Ford Motor Company, American Honda Motor Co. together with BMW Group recently announced the creation of a new company called ChargeScape. The equally owned venture will develop and operate a platform that connects electric utilities, automakers, and electric vehicle (EV) customers in the United States and Canada.
Building on years of cross-industry collaboration, ChargeScape’s single platform will eliminate the need for individual integrations between each automotive brand and each electric utility. ChargeScape’s platform will give electric utilities access to EV battery energy across a wide pool of EVs.
EV as Grid Resource
EVs are not only a cleaner mode of transport but also considered a valuable grid resource as they offer dynamic battery storage as a flexible load. There are two pathways to Vehicle-Grid Integration (VGI): V1G and V2G.
V1G, also called smart charging, is the strategy to control the rate of charging of EVs. With bidirectional charging (V2G), EVs could also participate in grid management services. VGI enables EVs to participate in balancing the grid in real-time, and operating as generation/demand assets for grid operators. Additionally, VGI could also facilitate ancillary services like frequency regulation, voltage regulation, and reliability improvement.
Opportunity for Grid Companies & EV Users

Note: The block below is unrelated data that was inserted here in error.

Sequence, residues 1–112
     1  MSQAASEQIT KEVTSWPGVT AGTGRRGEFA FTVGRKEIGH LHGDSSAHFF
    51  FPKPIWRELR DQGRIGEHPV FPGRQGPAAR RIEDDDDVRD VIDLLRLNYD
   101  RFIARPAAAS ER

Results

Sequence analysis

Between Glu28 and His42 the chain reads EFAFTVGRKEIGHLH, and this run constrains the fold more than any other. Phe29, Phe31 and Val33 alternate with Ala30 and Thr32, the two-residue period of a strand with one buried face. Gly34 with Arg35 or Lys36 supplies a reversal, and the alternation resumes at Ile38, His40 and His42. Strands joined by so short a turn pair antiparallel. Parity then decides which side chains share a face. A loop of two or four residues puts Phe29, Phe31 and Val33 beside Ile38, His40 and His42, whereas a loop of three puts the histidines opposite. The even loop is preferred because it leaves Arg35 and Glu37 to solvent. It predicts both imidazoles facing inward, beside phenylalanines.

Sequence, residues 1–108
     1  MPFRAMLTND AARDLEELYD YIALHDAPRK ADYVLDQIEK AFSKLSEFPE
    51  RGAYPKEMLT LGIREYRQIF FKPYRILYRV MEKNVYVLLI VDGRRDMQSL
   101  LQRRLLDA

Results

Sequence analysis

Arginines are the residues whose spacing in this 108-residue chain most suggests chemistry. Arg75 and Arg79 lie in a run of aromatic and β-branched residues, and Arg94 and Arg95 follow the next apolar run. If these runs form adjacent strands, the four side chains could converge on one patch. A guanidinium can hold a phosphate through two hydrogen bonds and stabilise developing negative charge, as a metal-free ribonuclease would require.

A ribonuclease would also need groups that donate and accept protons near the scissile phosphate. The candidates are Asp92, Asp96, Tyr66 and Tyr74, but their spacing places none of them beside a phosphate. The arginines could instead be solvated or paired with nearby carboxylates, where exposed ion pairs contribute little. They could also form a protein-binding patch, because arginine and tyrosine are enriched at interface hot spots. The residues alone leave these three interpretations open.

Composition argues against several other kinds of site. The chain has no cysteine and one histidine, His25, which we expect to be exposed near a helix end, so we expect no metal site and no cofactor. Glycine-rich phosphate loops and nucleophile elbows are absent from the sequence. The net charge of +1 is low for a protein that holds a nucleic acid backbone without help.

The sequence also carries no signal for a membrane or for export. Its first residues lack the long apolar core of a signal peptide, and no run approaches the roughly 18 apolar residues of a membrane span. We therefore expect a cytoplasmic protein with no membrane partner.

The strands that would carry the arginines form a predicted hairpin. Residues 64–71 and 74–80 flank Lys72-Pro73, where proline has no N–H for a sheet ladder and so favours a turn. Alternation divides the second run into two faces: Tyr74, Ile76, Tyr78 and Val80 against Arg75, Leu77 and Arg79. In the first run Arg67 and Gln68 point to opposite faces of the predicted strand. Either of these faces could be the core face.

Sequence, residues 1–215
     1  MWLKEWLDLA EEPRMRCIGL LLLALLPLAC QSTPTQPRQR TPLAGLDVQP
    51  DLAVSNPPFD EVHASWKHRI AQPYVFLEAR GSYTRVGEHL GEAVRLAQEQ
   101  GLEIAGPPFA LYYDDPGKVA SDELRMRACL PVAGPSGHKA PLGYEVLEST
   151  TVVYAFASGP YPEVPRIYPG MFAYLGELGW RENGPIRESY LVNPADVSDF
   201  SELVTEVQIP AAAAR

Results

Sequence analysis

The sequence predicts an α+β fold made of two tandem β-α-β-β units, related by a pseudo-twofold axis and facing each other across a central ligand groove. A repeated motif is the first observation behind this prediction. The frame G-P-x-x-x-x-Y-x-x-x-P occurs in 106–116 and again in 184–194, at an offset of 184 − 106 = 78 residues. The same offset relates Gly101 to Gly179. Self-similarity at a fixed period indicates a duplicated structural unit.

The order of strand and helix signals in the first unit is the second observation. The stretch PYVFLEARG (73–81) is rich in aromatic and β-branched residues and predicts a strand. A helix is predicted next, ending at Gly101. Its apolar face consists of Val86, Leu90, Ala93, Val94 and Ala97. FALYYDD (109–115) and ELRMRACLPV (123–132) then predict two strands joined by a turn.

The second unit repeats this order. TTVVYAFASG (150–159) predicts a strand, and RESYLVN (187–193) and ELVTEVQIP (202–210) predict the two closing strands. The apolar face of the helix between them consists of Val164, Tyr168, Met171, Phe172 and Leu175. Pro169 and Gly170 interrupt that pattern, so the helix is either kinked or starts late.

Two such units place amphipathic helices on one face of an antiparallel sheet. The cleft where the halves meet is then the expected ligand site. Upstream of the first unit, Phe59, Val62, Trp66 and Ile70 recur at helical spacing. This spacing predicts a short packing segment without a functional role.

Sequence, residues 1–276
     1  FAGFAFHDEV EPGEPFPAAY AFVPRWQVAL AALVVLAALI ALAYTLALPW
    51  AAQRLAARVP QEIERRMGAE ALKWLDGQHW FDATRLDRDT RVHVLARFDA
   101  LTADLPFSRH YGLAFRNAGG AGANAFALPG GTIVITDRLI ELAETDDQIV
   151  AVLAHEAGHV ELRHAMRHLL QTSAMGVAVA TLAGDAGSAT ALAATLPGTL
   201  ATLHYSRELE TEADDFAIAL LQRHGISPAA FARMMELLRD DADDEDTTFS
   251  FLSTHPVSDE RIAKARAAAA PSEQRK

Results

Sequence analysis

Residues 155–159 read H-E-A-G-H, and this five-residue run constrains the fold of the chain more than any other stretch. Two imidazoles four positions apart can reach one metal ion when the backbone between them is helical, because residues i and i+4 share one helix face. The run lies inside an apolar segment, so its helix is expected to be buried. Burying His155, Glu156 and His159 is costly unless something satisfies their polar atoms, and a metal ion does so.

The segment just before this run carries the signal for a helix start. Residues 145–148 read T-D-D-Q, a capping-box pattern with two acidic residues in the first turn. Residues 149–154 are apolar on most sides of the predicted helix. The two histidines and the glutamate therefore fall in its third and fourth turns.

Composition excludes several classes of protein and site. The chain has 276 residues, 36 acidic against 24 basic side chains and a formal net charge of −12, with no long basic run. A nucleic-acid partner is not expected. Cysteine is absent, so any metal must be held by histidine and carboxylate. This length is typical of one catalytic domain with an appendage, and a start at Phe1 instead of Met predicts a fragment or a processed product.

ChargeScape will enable EV owners to earn financial benefits by participating in managed charging and energy-sharing programs. These programs can help to balance the grid and reduce peak demand, which can save utilities money.
Electric vehicle customers will also eventually have the opportunity for even more significant impact by sharing the energy stored in their EV batteries with the grid during times of peak demand through vehicle-to-grid (V2G) applications. Additionally, EV owners can also use their vehicles to provide backup power during outages.
ChargeScape will enable the smart use of plugged-in EV batteries by securely providing energy data to electric utilities and system operators like aggregated demand response, alignment of charging and EV battery utilization with off-peak, low-cost hours and the availability of high renewable energy.
These energy services are expected to be a cost-efficient, operational benefit for electric utilities due to the efficient integration with participating automakers and the anticipation of high levels of EV customer enrollment.
It’s another example of ways in which the switch to electric vehicles has forced the auto industry to create a variety of alliances between competitors in order to share the costs and negotiate the growing market a better way. Earlier, seven major companies, including BMW, GM, Honda, Hyundai, Kia, Mercedes-Benz and Stellantis created a joint venture to build their own charging network in North America.
About Vehicle-to-Grid Technology
Vehicle-to-grid (V2G) technology allows EVs to send energy back to the grid. This can be done during times of peak demand, when the grid is under strain. V2G can also be used to provide backup power during outages.
V2G is a promising technology that has the potential to make EVs more affordable and convenient for drivers. It can also help to improve the reliability of the grid.
What is Vehicle-to-Grid technology ?
ChargeScape is a joint venture of Ford Motor Company, American Honda Motor Co., and BMW Group. The company will develop and operate a platform that connects electric utilities, automakers and ev customers.
The closing of the deal and subsequent formation of ChargeScape is pending regulatory approvals. Chargescape is expected to be operational in United States & Canada in early 2024.